var $wrapper = $("<div/>").appendTo(this),
        $content = $("<div/>").html(content).appendTo($wrapper);

    $wrapper.css({
      position: "absolute",
      left: 0,
      top: -offset
    });

    offset += $(this).height();
  });
});
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Your first layout may be achievable with CSS only (no JavaScript, no unsupported properties). You may not be able to accurately set the size of the boxes though, after all we'll fake it until the browsers make it.

Let's jump right into the fiddle - try resizing it etc. to get a feel for how it works.

Basically we're relying on float behaviour, this everywhere-supported often-abused property was originally built for paragraph text flowing around images. Now since we can make anything float, we'll just be floating your some other stuff here content! The rest of CSS is pure trickery - to make the floated content look like it's not part of the container. In practice you may prefer a "faux-content blocks" approach not unlike popular faux columns.

One issue is lack of control on where the content breaks - the separator has to be inserted directly into text. If the container width is fixed though, you may be able to insert the separator on the server side with a sufficient degree of accuracy (within a half line worth of text you want to break on).

Finally, here's the code:

.container {
    padding:10px;
    border:1px solid black;
    background: #ccc;
    text-align:justify;
}
.other-stuff {
    float:left;
    height:130px;
    width:100%;
    border-top:1px solid black;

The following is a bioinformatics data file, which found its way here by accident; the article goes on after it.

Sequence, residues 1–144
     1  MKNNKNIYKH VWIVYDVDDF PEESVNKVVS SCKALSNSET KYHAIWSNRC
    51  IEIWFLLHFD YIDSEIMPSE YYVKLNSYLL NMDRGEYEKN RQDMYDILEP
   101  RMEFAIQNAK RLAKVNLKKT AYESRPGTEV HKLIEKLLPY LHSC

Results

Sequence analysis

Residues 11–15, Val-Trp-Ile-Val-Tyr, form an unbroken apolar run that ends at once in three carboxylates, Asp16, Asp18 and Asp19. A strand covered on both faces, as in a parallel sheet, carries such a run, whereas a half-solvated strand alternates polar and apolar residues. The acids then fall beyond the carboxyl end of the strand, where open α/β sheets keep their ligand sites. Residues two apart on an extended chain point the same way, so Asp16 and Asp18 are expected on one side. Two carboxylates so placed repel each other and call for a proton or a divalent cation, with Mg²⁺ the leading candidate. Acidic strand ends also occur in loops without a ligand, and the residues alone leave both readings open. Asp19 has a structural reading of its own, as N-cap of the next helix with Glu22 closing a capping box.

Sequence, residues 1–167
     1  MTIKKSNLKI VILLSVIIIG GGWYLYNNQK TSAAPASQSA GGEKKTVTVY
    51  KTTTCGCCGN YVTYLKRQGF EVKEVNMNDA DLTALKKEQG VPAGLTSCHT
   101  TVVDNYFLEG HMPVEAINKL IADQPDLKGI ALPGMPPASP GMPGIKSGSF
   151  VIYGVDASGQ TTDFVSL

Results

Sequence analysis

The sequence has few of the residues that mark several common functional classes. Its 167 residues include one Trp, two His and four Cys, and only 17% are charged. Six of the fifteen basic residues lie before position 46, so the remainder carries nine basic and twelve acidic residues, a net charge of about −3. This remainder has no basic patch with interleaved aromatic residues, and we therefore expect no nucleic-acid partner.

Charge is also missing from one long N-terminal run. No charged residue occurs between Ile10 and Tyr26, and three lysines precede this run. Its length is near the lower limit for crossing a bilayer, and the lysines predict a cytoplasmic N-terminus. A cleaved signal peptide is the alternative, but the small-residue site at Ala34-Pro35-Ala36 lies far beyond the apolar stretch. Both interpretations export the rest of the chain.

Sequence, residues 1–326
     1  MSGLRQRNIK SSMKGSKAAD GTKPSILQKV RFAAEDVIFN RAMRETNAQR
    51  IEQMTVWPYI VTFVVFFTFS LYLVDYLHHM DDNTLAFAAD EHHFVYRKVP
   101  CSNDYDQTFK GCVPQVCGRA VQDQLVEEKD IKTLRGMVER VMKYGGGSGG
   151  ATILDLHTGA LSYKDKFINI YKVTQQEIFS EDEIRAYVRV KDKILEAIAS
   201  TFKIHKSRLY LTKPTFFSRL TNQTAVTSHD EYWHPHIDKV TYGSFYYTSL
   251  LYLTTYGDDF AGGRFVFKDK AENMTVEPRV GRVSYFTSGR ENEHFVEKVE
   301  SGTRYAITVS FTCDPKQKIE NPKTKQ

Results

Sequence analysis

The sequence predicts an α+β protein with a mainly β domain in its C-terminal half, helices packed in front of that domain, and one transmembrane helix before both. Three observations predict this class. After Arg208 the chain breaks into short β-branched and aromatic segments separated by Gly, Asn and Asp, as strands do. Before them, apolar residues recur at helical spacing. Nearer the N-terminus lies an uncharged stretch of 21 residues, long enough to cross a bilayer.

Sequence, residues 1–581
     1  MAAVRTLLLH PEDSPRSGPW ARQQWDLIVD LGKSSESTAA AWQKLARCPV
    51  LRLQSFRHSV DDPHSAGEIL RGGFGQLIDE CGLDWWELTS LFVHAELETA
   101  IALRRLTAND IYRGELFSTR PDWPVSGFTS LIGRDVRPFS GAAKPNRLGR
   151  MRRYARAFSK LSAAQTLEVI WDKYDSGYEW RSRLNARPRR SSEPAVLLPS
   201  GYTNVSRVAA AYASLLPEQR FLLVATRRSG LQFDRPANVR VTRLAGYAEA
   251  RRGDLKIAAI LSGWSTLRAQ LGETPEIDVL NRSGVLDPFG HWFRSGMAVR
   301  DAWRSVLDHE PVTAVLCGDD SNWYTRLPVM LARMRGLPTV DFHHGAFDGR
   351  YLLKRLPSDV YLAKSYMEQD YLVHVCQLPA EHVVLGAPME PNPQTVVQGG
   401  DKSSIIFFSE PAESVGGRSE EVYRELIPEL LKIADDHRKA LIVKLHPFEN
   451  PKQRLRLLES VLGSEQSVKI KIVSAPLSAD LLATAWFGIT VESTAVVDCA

border-bottom:1px solid black;
    /*left and right margins are so negative to "cover up" .container border*/
    margin:10px -11px;
    /*and now padding to offset left and right negative margins*/
    padding:0 11px;
    /*pretend this is see-through*/
    background:#fff;
}

The markup is super simple - .other-stuff inside of .container, both filled up with dummy content for good measure. Et voila, notice how the text wraps nicely:

Seriously, who doesn't like kittens?

No luck trying to fake it with the css3 columns, except maybe column-gap could be useful with fake backgrounds (i.e. split the container in two columns with the gap being as wide as the separator content).

NB: please avoid using JS for this kind of content layout adjusement as it would result in a flash of unstyled content just beforehand. It would however be appropriate to use JS if the content is retrieved asynchronously w/AJAX - this way it could be processed before being appended to the page.

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Here it is with some simple JS. http://jsfiddle.net/wesleyhales/vsD3m/

HTML:

<div id="input">Line 1
Line 2
Line 3
Line 4</div>

<div id="box1">  
</div>
<hr/>
My content... more content.. and more content
<hr/>
<div id="box2">  
</div>

JS:

var myinput = document.getElementById('input').innerHTML;
var threshhold = 2;
var totalLines = myinput.split('\n');
for(var i = 0; i < totalLines.length; i++){
    if(i < threshhold){
       document.getElementById('box1').innerHTML += totalLines[i] + '\n'; 
    }else{
       document.getElementById('box2').innerHTML += totalLines[i] + '\n';  
    }    
} 

Overall, you have to have a source input, with all the lines. Then you need a threshold for each box - how many lines do you want in it? (or base threshold on box height or characters in lines, etc...). Then you need a target to distribute to when each threshold is met.

If this was available in CSS it would require a lot of upfront setup, but would be cool nonetheless.

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This is mostly the same as the read-buffer problem (i.e. reading a bunch of text, buffer-load by buffer-load, then parsing it out into other units (lines in the case of plain text)). A buffering layer between the data and the display code would help. (Sorry I don't have any code examples lying around.)